Clean Sweep Live Auction on Thur. March 28th. Click to view the full inventory

DOTmed Home MRI Oncology Ultrasound Molecular Imaging X-Ray Cardiology Health IT Business Affairs
News Home Parts & Service Operating Room CT Women's Health Proton Therapy Endoscopy HTMs Mobile Imaging
Current Location:
> This Story

Log in or Register to rate this News Story
Forward Printable StoryPrint Comment




Cardiology Homepage

Apple study suggests wearable technology may be useful in detecting atrial fibrillation May assist in stroke and hospitalization prevention

Echocardiogram should play role in patient selection for transcatheter mitral valve repair, says study New study highlighted at ACC

FDA gives green light for smallest, slimmest 3T CRM devices Extended battery lives, greater diagnostic and therapeutic capabilities

Level Ex releases interventional cardiac video game, Cardio Ex Over 35 levels that test cognitive, spatial reasoning and decision-making skills

Siemens to unveil its SOMATOM go.Top Cardiovascular Edition CT at ACC 19 Ideal for the cardiovascular outpatient setting

FDA approves Sonavex's EchoSure system Monitors blood flow following surgical procedures

Siemens unveils Artis icono biplane angio system at ECR Enables diagnostics and treatment to take place in same lab, improved 2D and 3D capabilities

Personalized cardiac test could eliminate unnecessary catheterizations Examines flow of blood with AI and CT

Noninvasive approach for imaging carotid artery shows promise Enables risk assessment for cardiovascular disease

Medtronic to acquire EPIX Therapeutics Will use EPIX's cardiac ablation technology with Medtronic's cryoballoon technology

The AI system can classify intracranial
hemorrhages from small data sets and
explain the reasoning behind its decision

New AI system classifies hemorrhages using small data sets

by John R. Fischer , Staff Reporter
Researchers at the Massachusetts General Hospital (MGH) Department of Radiology have developed an AI system capable of classifying different forms of intracranial hemorrhage using relatively small data sets.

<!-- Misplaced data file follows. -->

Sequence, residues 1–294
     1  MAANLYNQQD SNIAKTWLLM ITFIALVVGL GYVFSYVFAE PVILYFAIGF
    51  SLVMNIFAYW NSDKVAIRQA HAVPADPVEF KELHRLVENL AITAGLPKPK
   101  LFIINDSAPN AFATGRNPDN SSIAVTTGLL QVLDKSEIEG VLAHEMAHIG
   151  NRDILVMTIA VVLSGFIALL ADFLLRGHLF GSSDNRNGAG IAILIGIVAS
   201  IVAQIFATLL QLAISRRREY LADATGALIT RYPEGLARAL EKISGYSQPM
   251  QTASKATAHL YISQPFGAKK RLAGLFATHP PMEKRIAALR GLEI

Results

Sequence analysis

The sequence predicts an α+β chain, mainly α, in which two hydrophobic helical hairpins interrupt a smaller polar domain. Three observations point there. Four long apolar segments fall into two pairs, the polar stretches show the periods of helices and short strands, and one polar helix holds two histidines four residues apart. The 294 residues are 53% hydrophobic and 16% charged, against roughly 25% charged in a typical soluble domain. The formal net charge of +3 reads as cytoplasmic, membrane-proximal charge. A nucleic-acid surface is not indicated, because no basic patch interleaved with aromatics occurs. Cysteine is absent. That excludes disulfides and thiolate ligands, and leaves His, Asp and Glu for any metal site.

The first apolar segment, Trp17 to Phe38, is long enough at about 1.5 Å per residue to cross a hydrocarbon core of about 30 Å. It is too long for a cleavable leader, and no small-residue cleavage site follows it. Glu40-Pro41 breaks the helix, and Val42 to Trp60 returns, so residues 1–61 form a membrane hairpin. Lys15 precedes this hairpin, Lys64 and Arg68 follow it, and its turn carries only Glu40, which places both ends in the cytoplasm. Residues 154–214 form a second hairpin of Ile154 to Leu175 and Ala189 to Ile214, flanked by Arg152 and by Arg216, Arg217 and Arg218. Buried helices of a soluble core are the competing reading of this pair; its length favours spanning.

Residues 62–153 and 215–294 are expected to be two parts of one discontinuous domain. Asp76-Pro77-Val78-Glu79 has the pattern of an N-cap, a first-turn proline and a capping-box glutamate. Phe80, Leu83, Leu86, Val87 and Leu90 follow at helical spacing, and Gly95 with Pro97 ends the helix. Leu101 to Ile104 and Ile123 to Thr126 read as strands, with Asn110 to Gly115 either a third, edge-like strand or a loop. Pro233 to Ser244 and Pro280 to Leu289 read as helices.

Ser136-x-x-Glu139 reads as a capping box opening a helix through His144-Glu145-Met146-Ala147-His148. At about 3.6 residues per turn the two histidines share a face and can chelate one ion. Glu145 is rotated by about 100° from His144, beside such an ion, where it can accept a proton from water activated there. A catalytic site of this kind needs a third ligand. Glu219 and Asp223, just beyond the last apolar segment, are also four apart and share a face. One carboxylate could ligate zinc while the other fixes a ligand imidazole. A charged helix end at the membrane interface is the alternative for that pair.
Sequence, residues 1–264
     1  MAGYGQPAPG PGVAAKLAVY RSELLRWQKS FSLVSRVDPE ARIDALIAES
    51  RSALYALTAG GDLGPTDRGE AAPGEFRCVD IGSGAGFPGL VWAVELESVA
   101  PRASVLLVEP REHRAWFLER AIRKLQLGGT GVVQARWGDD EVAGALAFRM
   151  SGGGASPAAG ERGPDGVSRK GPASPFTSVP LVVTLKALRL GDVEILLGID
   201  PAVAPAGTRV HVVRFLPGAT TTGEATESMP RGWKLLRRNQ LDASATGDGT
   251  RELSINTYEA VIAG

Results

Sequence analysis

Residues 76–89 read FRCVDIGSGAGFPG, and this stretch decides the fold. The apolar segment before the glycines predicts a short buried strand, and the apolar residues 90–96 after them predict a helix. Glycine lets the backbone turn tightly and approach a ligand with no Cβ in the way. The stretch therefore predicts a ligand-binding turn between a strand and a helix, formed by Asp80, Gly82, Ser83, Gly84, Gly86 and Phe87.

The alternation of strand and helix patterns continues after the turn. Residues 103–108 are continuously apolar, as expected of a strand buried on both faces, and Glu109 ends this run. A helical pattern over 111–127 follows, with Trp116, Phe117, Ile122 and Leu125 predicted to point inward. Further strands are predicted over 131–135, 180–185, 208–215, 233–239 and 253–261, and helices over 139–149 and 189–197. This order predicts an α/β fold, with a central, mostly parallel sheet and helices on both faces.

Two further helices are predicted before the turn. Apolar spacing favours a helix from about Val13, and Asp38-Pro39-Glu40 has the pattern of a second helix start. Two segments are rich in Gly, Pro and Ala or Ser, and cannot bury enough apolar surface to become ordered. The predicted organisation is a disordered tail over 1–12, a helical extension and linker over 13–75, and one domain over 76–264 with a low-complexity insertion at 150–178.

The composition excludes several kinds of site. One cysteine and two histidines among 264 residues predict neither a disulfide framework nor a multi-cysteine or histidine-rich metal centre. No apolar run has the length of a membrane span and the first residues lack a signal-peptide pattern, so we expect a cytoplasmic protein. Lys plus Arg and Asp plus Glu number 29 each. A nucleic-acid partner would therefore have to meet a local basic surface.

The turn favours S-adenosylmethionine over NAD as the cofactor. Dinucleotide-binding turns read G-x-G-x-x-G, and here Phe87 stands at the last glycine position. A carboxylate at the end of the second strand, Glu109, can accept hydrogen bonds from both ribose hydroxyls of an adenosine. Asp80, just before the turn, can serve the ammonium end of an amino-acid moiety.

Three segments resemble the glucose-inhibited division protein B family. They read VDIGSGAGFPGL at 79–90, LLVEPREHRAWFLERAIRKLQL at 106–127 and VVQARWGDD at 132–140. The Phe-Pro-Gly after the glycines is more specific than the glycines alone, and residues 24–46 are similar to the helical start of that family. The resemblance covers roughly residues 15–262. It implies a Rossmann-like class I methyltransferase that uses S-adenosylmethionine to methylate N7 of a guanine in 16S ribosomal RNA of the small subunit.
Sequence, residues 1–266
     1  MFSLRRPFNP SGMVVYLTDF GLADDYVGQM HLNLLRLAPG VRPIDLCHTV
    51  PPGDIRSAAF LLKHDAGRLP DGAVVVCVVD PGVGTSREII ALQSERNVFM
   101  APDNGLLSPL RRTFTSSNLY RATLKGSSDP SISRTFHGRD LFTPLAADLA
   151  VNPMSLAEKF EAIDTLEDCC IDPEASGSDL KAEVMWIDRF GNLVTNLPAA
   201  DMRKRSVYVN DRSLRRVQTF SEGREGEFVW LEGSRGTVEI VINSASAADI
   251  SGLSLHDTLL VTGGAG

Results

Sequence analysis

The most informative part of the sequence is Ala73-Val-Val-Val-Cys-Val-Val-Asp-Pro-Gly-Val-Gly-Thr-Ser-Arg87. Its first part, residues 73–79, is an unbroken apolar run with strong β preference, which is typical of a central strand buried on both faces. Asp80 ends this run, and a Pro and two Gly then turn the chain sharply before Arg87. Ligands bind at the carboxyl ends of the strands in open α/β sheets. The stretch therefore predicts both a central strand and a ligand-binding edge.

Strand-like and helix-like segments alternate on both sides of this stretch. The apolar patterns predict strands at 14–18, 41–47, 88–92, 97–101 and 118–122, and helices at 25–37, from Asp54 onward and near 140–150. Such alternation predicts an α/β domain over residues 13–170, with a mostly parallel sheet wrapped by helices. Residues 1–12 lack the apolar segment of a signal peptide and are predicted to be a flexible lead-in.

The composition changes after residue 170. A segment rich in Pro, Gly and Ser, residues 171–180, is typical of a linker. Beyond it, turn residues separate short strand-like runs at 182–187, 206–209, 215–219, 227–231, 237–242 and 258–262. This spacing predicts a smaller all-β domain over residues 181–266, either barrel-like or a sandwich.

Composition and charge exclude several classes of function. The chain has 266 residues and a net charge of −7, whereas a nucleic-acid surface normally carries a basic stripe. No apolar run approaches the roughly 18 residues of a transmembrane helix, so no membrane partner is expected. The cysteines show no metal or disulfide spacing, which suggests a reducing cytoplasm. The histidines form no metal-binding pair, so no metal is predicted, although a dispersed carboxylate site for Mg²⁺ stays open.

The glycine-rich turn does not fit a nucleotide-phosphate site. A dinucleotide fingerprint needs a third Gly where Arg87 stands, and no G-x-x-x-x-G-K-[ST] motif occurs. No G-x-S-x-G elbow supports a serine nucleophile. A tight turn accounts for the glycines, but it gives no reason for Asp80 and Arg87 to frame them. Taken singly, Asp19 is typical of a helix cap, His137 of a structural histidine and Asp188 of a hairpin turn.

A possible tool for assessing patients with symptoms of potentially life-threatening strokes, the system is capable of producing a quick diagnosis and explaining the reasoning behind it, offering confidence to facilities which may not have access to specially trained neuroradiologists, and addressing the so-called “black box” challenge, in which systems are unable to explain how they arrived at a decision.

Story Continues Below Advertisement

RaySafe helps you avoid unnecessary radiation

RaySafe solutions are designed to minimize the need for user interaction, bringing unprecedented simplicity & usability to the X-ray room. We're committed to establishing a radiation safety culture wherever technicians & medical staff encounter radiation.

“In medicine, it is especially hard to collect high-quality big data. It is critical to have multiple experts label a data set to ensure consistency of data. This process is very expensive and time-consuming. Some critics suggest that machine learning algorithms cannot be used in clinical practice, because the algorithms do not provide justification for their decisions. We realized that it is imperative to overcome these two challenges to facilitate the use in health care of machine learning, which has an immense potential to improve the quality of and access to care," authors Sehyo Yune, the director of researcher translation at MGH Radiology, and Hyunkwang Lee, a graduate student at the Harvard School of Engineering and Applied Sciences, said in a statement.

The FDA requires that all decision support systems provide data for users to review the reasoning behind their findings.

Trained on 904 head CT scans, the MGH solution classifies images into one of five hemorrhage subtypes, based on the location of the brain, or as no hemorrhage, reviewing and saving images from the training data set that most accurately represent the traditional features found in each classification. It then uses an atlas of distinguishing features to show a group of images similar to those of the CT scan under evaluation to explain its diagnosis.

The team designed the system to mimic the way in which radiologists analyze images, incorporating adjusting factors such as contrast and brightness for revealing subtle differences that are not immediately apparent, and the ability to scroll through adjacent CT scans to determine whether or not a finding on a single image reflects a real problem or is a meaningless artifact.

Following its completion, the researchers tested the system on a retrospective set of 100 scans with and 100 scans without intracranial hemorrhages that were taken before the system was developed, and on a prospective set that was taken after its creation of 79 scans with and 117 without hemorrhages.
  Pages: 1 - 2 >>

Cardiology Homepage

You Must Be Logged In To Post A Comment

Increase Your
Brand Awareness
Auctions + Private Sales
Get The
Best Price
Buy Equipment/Parts
Find The
Lowest Price
Daily News
Read The
Latest News
Browse All
DOTmed Users
Ethics on DOTmed
View Our
Ethics Program
Gold Parts Vendor Program
Receive PH
Gold Service Dealer Program
Receive RFP/PS
Healthcare Providers
See all
HCP Tools
A Job
Parts Hunter +EasyPay
Get Parts
Recently Certified
View Recently
Certified Users
Recently Rated
View Recently
Certified Users
Rental Central
Rent Equipment
For Less
Sell Equipment/Parts
Get The
Most Money
Service Technicians Forum
Find Help
And Advice
Simple RFP
Get Equipment
Virtual Trade Show
Find Service
For Equipment
Access and use of this site is subject to the terms and conditions of our LEGAL NOTICE & PRIVACY NOTICE
Property of and Proprietary to DOTmed.com, Inc. Copyright ©2001-2019 DOTmed.com, Inc.